Deadhouse Gates

Deadhouse Gates cover
The Malazan Book of the Fallen is my new favourite series. I just finished reading Deadhouse Gates and oh-my-gods do I love the book. Steven Ericson is an amazing writer. I had a lukewarm reaction to Gardens of the Moon (book one of the series), but was intrigued enough to try continue reading. And boy does the ride get better. A slight digression: I read the book this weekend (no small feat, it’s a mighty tome). I’m usually downbeat on Mondays, but this book ruined the day for me. Seriously. I was up all night yesterday, could not get the story out of my mind. Didn’t sleep at all. On top of it all we had to visit some relatives today, and I was in an appropriately surly mood. This is what a great book does to you. Nothing else matters when you read an epic like. Ok, back to the point. Deadhouse Gates continues pretty much where Gardens of the Moon left off; but you get to follow a new cast of characters. I miss the old cast (they kinda grow on you on a second reading), but they’ll be back in book three, from what I hear. The action takes place in the Seven Cities continent, which is on the brink of a massive rebellion against the Malazan Empire. Called the Whirlwind (which it is, literally), the uprising is brutal. A Malazan general (of sorts), Coltaine, takes it upon himself to lead forty thousand refugees, kicking and screaming, across a continent filled with chaos. At the same time, there’s a convergence of magical beasts (shapeshifters) who are trying to battle it out to reach a mythical destination that will allow one of them to ‘ascend’. Throw into the mix a millennia old, insanely powerful amnesiac, who is trying to find out about his past. His sole companion is someone who’s sworn to keep him ignorant. Add a master assassin, a girl who’s betrayed by her sister, a girl who was possessed by a god, an army engineer, a seemingly insane high priest, and a couple of dogs to all that; and you’ll have an inkling as to how huge in scope the story is. Enough ramblings, someone I know please read the books so I can talk about ’em.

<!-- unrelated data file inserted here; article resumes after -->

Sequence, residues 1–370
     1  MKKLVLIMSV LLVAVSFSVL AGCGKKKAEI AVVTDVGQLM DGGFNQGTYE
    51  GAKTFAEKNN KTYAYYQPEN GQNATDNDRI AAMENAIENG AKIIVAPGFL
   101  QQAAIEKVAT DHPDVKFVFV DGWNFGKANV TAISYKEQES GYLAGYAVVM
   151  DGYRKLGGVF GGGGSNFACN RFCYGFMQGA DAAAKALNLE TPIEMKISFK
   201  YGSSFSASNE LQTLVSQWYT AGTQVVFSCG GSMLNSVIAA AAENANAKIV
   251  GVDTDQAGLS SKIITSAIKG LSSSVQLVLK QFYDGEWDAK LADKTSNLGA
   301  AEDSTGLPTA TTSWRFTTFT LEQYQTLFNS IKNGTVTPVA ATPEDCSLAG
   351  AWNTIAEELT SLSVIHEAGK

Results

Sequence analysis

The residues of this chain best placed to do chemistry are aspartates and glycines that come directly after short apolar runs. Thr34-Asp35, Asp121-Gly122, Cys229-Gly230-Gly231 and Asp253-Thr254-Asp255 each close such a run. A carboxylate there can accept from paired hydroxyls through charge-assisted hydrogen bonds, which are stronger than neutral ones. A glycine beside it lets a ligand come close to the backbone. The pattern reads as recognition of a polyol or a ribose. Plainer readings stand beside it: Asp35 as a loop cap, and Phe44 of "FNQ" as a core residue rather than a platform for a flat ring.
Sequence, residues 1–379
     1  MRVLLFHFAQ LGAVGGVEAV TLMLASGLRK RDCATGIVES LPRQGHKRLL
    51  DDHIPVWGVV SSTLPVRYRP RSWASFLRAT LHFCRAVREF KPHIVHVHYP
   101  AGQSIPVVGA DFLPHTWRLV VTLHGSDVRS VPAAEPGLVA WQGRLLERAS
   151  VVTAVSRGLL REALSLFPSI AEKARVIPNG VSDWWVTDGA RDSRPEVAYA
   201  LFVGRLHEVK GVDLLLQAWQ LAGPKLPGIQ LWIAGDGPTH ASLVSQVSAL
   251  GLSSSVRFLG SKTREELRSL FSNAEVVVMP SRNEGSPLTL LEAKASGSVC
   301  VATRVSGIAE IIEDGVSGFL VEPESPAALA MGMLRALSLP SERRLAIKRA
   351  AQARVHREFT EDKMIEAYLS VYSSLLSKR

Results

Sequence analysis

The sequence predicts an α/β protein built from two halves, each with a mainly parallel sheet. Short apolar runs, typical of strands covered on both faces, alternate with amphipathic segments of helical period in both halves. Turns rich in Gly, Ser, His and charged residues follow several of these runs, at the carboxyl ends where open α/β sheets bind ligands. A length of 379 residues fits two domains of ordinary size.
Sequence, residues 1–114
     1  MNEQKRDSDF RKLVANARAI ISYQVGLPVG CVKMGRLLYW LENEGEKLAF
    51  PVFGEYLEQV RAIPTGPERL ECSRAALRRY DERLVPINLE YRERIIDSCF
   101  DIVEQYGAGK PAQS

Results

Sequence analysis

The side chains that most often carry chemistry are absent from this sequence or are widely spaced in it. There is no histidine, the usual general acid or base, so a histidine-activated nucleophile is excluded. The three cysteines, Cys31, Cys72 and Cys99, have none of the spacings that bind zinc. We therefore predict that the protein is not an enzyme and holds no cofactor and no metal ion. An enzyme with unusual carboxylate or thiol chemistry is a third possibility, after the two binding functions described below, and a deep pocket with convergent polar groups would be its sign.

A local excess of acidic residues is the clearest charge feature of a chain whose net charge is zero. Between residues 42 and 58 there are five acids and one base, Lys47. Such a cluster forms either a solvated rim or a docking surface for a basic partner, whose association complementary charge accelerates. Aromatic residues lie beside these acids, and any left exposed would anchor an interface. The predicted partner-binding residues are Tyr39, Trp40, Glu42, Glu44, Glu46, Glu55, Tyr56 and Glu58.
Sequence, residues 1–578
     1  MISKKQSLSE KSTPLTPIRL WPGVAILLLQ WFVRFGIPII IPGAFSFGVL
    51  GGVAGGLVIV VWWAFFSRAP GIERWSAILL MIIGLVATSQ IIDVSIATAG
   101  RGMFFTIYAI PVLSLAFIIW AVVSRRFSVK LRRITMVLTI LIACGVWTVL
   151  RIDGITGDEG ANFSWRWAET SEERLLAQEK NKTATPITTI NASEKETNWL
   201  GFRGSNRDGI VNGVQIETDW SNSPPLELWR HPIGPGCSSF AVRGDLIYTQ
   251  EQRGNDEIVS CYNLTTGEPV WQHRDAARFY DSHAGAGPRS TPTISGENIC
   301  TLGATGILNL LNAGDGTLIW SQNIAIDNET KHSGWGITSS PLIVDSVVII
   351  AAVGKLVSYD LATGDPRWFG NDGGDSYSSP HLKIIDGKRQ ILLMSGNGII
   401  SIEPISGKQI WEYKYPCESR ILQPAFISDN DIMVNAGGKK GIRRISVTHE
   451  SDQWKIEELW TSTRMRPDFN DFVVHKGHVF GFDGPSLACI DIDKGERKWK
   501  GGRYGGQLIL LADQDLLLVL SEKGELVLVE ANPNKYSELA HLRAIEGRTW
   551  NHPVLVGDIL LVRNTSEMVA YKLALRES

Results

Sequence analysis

Comments (7)

  1. Vivek wrote::

    Get the book tomorrow. Want to see for myself if they are really as good as you make them to be. And considering your previous recommendations have been great, I sure am excited about this one as well.

    Monday, December 11, 2006 at 23:03 #
  2. Chandni wrote::

    oh-my-gods do I love the book

    start loving a female dear!

    Thursday, December 14, 2006 at 11:24 #
  3. selvi wrote::


    Thursday, December 14, 2006 at 11:25 #
  4. selvi wrote::

    Is it in the same league as A Song of Ice and Fire?………………….

    Thursday, December 14, 2006 at 11:26 #
  5. Ankit wrote::

    Chandni: Very funny.

    Selvi: Can't say. These are two very differeny stories. Martin focuses more on the characters and their interactions, and Erikson seems to concentrate on world-building and the such. Erikson's tales are not personal, but immense in scope.

    Thursday, December 14, 2006 at 19:42 #
  6. Sol Invictus wrote::

    I'd say that it's in the same league as A Song of Ice and Fire, though much wider in scope. Erikson's Malazan books have a much greater focus of the overall plot than Martin's work, which tends to veer off course at times due to the heavy and sometimes unnecessary focus on the POV characters rather than the plot.

    Monday, December 25, 2006 at 14:18 #
  7. Ankit wrote::

    Sol Invictus: From what I've read so far, I'd say I agree with you. I like both the styles of writing, and both Martin and Erikson seem to be the top current writers in the genre.

    Tuesday, December 26, 2006 at 8:21 #